For the original 20 or so members of EST, the first order of business was finding a permanent home. Dempster "went around knocking on doors" and ended up at an abandoned furniture warehouse on the far edge of Hell's Kitchen. The city-owned building was "5000 square feet of open space completely filled with a layer of scrunched-up newspapers," remembers Don Marcus, a former student of Dempster's at Smith College who became his all-purpose assistant. "We spent a year just cleaning it up."
Currently operating on a month-to-month lease, EST has periodically had to cope with threats of eviction in the face of real estate developments. The theatre pays only $282 a month for the two floors it occupies -- "a token rent," as Dempster acknowledges. But he points out that the tenants have to pay for frequent repairs to the ancient elevators, heat and hot water systems, and he maintains that the theatre deserves the city's support for its contributions to the neighborhood and to the theatre community. "I would close this place tomorrow if we had to pay market rate," he says. "I'm not interested in paying some slimeball $50,000 a day to rent some space."
It's significant that the core of Ensemble Studio Theatre came from conventional theatre sources such as the Actors Studio rather than the far-out fields of Off-Off Broadway. Part of the reason may involve sexual politics. Particularly after the Stonewall Tavern riots that launched the gay liberation movement, Off-Off Broadway became a haven for theatre people who no longer chose to hide their sexual preferences. Not everyone appreciated this freedom; an early draft of EST's charter disqualified from membership only two types of people: hostile personalities and open homosexuals. But the notion of launching a new theatre specifically committed to original work and then assembling a company of actors and writers steeped in Arthur Miller -- rather than, say, Jerzy Grotowski -- also reflects the artistic conservatism of Curt Dempster's personal taste.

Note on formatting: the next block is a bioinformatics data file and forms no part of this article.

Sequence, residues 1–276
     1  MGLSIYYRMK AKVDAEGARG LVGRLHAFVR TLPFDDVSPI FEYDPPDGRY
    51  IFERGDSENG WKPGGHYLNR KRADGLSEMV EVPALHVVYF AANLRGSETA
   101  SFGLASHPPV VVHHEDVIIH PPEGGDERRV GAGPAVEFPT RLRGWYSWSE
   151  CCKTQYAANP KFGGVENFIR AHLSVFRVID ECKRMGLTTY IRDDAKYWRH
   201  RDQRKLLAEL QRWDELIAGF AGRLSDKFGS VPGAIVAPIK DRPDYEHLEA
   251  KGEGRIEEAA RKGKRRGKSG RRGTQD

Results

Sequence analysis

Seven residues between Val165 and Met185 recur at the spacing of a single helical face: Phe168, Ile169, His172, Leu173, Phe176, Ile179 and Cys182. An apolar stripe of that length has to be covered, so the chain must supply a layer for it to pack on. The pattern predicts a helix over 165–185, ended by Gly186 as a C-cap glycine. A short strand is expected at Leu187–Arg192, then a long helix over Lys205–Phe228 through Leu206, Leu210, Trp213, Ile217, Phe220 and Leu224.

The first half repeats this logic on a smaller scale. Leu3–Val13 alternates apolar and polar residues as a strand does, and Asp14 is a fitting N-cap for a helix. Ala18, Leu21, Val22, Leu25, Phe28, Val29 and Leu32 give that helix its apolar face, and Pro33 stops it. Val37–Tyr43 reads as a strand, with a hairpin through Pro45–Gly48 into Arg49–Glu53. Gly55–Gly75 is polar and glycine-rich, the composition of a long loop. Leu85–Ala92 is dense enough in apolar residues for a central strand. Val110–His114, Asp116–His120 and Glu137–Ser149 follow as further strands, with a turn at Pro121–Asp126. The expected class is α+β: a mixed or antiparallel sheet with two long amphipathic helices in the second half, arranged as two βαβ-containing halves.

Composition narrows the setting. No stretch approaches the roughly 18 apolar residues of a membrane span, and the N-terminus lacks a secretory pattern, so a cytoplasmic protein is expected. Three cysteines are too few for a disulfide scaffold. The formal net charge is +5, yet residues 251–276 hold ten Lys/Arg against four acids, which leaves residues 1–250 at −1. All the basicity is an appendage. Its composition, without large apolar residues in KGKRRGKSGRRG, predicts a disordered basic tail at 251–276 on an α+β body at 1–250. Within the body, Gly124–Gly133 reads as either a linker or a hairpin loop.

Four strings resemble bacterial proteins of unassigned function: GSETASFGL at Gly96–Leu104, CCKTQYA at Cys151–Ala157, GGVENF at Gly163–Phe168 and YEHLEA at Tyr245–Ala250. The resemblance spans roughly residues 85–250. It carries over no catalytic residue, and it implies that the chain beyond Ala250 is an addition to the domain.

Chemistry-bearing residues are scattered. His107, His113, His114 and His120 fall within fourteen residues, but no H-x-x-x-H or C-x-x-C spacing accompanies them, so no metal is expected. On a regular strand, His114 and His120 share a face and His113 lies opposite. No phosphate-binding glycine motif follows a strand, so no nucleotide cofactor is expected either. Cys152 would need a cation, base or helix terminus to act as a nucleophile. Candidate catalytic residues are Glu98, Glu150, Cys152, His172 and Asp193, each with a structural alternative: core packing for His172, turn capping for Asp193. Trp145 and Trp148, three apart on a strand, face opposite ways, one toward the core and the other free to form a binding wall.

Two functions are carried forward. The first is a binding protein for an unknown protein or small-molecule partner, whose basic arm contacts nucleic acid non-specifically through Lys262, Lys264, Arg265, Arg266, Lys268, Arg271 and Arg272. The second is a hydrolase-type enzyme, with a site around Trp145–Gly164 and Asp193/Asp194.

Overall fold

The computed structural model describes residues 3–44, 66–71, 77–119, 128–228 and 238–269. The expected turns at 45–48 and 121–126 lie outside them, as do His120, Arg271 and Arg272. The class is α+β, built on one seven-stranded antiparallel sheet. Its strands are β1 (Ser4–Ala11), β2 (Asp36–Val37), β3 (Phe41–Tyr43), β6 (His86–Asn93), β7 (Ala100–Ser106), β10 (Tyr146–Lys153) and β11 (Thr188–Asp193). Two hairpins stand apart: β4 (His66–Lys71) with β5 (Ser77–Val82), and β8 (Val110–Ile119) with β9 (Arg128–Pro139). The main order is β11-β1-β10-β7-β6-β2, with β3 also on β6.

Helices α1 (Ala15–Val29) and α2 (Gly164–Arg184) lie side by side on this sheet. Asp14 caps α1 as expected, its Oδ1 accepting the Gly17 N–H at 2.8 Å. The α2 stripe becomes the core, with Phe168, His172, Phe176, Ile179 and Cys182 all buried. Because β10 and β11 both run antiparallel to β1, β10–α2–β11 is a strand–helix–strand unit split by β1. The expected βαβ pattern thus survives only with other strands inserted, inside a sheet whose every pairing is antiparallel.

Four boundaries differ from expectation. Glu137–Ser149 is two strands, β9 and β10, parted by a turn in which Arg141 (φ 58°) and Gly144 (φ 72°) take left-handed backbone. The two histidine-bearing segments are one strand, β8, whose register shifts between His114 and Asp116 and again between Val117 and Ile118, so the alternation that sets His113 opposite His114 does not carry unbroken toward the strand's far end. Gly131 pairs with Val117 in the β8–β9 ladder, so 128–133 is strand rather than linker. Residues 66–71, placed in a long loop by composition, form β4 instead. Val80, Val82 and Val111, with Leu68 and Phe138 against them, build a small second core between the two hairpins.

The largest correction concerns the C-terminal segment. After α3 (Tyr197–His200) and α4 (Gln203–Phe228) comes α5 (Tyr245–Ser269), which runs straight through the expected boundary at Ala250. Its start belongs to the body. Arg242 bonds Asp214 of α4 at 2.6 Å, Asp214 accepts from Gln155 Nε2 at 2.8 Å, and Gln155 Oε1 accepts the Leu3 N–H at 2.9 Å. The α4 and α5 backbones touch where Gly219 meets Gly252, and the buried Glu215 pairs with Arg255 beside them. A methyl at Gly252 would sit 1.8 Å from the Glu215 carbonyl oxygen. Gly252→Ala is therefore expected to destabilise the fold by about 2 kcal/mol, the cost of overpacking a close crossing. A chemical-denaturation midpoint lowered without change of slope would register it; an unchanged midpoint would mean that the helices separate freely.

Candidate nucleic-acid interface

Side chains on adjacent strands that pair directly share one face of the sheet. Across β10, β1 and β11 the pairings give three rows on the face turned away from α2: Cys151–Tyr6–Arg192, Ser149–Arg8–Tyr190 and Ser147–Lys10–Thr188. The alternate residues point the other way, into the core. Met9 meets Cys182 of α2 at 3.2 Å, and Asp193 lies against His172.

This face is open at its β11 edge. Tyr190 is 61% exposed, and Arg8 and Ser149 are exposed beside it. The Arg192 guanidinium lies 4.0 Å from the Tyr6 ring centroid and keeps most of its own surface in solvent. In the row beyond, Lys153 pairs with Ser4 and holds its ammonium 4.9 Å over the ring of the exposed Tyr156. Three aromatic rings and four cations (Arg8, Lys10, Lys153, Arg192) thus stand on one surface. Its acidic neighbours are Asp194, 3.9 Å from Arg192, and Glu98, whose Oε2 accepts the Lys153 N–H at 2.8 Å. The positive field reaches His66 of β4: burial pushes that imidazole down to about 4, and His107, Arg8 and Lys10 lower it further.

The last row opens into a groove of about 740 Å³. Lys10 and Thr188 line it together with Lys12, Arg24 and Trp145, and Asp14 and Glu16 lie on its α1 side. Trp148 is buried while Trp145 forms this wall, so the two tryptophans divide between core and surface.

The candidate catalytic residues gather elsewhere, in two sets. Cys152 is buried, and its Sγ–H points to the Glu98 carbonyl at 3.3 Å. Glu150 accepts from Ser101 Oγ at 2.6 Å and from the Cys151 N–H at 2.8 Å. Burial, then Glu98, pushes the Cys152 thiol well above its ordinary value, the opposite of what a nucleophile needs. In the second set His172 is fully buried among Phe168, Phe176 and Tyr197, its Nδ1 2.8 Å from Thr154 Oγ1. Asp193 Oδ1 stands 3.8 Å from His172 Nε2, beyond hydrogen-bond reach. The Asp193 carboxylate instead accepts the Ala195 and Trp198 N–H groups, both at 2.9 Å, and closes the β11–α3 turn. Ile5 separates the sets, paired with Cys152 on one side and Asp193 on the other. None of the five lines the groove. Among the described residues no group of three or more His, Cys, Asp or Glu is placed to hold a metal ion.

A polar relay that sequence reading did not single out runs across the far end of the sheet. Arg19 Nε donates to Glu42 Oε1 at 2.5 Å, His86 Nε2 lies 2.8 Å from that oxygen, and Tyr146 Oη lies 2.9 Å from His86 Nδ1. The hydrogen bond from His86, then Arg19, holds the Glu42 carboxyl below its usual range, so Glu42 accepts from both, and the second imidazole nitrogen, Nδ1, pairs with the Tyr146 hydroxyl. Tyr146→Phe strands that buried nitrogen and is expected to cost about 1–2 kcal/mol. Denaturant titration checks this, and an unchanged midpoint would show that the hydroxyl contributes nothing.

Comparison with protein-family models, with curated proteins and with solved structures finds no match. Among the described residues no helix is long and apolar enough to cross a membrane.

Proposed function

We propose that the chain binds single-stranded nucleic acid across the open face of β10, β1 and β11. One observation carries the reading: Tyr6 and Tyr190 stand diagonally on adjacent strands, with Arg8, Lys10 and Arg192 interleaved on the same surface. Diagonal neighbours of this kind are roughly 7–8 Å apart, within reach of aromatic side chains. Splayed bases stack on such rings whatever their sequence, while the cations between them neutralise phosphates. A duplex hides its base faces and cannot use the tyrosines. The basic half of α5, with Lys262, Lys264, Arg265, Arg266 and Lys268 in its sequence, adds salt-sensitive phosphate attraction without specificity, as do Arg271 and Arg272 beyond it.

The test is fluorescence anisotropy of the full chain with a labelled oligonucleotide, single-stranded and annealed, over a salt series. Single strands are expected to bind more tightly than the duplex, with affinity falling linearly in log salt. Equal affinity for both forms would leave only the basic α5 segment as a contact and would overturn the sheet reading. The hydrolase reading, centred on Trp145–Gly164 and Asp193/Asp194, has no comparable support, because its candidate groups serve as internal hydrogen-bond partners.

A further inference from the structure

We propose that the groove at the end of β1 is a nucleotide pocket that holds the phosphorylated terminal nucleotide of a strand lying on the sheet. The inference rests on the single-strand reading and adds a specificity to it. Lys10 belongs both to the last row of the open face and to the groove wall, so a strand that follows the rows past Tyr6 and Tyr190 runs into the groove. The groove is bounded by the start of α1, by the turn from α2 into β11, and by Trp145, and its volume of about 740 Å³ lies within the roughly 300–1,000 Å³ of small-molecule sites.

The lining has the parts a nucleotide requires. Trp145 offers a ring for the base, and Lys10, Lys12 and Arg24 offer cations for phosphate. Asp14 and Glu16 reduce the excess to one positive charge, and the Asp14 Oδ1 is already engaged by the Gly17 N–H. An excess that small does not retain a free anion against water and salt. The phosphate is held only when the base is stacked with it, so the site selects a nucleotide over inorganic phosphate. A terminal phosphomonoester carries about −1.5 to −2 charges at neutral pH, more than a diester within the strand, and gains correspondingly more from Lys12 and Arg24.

Although the current membership of EST is too large and varied to subscribe to the same artistic school, the closest thing to a house style is what Dempster calls "the mainstream of American theatre, the modern Chekhov-Ibsen-StrindbergO'Neill-Miller- Williams-Albee tradition." Donna Moynihan says, "Curt is very solid and unpretentious in his tastes. He doesn't like poetic atmosphere or plays whose chief interest is literary or intellectual. He likes emotion, realistic behavior, dramatic action -- characters in interesting situations who want something and go for it." The emphasis on naturalistic drama can be a drawback. Sometimes the tiny scope of plays at EST seems all too familiar from television soap operas and sitcoms, and their old-fashioned dramaturgy makes one thirst for the sophisticated technology and avant-garde theatrics of the Brooklyn Academy's Next Wave Festival.
Still, it goes without saying that an honest, well-written play can forge a deep connection between actors and audiences. And at its best EST offers experiences as affecting as any to be found in the theatre. Perhaps the quintessential EST play is Conrad Bromberg's
Fog, which was the first work ever shown at the theatre. The action of the play is simple: during the half-hour dinner break between his day job and his second job, a small-town metalworker and his wife review their household debts and painstakingly decide which bills they can pay and which will have to wait. As a one-act play running less than 25 minutes,
Fog clearly has no commercial value; yet within its small scope, it is a devastating and truthful slice of life. Especially as performed by Deborah Hedwall and Robert Schenkkan when revived in the 1984 marathon, it was, as one observer put it, "a tragedy over scrambled eggs."
Writers occupy the center of attention at EST, but actors make up at least half the membership, and they are encouraged to develop skills at initiating projects and to sample other disciplines. Veteran actress Jane Hoffman, for example, has worked
steadily for decades, yet as a member of EST from its inception she has tried her hand at directing, written a play for herself, acted in a workshop of Shakespeare's